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Sask. residents feel COVID-19 stress – but report better mental health than other provinces
SASKATOON -- Saskatchewan residents have shown the most improved mental health in the country, according to last month's Mental Health Index report by human resources giant Morneau Shepell.
While Saskatchewan's score was still negative, it was tied with Newfoundland and Labrador for the least negative score among the provinces, at -8.2. That's up from -12.9 in April.
The national average remained unchanged at -12.
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"While there have been modest improvements in anxiety and financial risk scores, there has been an increased feeling of isolation," the report says.
The highest mental health scores are observed in utilities as well as mining and oil and gas extraction. The lowest mental health scores are found in accommodation and food services, arts, entertainment and recreation and real estate, rental and leasing.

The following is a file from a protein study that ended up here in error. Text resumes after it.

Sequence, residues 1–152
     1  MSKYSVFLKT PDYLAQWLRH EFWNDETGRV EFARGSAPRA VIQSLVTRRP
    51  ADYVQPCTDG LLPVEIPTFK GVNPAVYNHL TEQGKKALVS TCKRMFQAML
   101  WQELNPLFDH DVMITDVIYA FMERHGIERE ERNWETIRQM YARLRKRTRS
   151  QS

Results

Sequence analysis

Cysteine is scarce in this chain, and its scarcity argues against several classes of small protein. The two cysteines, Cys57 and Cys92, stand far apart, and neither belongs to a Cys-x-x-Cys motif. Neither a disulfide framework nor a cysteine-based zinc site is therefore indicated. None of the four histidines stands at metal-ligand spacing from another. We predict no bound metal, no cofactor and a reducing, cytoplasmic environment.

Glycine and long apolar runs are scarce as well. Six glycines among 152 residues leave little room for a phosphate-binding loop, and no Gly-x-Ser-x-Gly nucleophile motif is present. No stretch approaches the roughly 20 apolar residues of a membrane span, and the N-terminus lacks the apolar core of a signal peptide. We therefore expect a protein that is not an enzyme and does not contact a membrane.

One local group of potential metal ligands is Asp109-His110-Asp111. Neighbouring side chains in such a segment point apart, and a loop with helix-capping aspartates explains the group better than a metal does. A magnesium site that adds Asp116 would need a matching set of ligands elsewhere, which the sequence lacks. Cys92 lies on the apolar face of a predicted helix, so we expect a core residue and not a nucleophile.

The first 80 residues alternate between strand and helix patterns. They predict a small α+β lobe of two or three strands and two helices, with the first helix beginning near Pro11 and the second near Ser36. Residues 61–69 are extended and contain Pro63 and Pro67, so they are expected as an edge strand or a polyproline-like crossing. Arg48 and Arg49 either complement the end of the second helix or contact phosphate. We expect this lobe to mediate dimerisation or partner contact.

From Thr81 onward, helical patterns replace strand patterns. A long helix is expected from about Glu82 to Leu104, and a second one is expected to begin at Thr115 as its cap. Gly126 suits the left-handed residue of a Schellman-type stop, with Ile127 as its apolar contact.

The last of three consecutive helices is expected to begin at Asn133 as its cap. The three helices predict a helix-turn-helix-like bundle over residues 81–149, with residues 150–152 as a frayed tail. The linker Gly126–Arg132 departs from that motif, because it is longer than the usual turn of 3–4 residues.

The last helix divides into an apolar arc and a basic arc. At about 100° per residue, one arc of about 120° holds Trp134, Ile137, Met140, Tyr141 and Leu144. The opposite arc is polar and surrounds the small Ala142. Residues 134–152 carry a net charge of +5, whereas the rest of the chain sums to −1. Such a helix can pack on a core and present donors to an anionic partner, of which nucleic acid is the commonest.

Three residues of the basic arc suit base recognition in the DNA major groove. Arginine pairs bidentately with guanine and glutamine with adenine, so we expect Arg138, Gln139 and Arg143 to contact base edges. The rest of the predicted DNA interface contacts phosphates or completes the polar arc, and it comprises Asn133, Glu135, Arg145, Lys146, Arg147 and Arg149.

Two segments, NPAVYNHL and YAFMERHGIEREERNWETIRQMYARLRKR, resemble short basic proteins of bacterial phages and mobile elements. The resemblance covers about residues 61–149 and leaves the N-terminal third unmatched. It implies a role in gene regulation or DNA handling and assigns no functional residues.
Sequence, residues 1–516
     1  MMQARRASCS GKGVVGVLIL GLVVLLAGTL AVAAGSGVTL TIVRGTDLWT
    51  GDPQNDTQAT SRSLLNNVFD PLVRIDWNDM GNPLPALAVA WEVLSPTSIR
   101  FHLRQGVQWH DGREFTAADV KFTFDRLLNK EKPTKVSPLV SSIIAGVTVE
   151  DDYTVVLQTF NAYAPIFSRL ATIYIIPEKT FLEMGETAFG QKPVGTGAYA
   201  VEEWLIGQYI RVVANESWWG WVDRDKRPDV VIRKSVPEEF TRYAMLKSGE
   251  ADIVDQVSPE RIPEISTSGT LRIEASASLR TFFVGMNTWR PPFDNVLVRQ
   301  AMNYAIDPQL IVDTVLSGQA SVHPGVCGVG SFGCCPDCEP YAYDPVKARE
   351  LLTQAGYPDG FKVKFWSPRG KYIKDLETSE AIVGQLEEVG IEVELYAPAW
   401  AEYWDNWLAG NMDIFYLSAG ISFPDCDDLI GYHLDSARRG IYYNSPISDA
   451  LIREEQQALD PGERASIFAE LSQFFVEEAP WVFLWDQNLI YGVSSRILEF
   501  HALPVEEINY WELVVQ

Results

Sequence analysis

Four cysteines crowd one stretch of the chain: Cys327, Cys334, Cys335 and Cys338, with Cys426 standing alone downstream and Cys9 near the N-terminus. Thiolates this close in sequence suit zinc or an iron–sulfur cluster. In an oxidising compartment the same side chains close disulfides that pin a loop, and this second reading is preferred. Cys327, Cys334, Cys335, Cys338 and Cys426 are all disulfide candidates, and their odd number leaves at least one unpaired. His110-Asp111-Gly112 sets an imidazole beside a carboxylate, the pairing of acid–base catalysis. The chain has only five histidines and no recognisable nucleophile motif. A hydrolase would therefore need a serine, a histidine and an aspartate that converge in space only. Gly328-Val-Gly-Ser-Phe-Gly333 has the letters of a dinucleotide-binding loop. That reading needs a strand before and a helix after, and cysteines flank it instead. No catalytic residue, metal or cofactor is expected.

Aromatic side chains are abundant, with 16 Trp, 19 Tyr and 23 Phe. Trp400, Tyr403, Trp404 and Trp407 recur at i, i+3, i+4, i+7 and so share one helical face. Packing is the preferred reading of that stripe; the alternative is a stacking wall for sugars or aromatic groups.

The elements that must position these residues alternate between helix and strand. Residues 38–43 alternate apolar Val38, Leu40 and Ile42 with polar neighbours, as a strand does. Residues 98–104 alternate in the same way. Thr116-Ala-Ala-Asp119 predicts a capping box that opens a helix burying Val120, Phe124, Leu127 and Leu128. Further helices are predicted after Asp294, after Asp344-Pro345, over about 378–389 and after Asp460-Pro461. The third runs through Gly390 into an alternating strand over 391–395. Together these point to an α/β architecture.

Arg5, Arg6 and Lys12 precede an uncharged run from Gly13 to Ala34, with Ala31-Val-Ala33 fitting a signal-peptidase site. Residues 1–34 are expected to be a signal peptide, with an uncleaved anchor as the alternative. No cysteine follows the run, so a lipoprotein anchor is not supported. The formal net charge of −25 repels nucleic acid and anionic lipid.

Seventy-three per cent of respondents said the COVID-19 pandemic has hurt their mental health.
"Well after the risk of infection reduces, the mental health impact may remain," the report says.
"This has implications for the quality of life of individuals, the stability of families, the risk of health and disability costs for organizations as well as the level of participation in the economy, which is a concern for government, given its impact on the speed of economic recovery."
The data was collected through an online survey of 3,000 Canadians who are living in Canada and are currently employed or who were employed within the prior six months.
Participants were selected to be representative of the age, gender, industry and geographic distribution in Canada.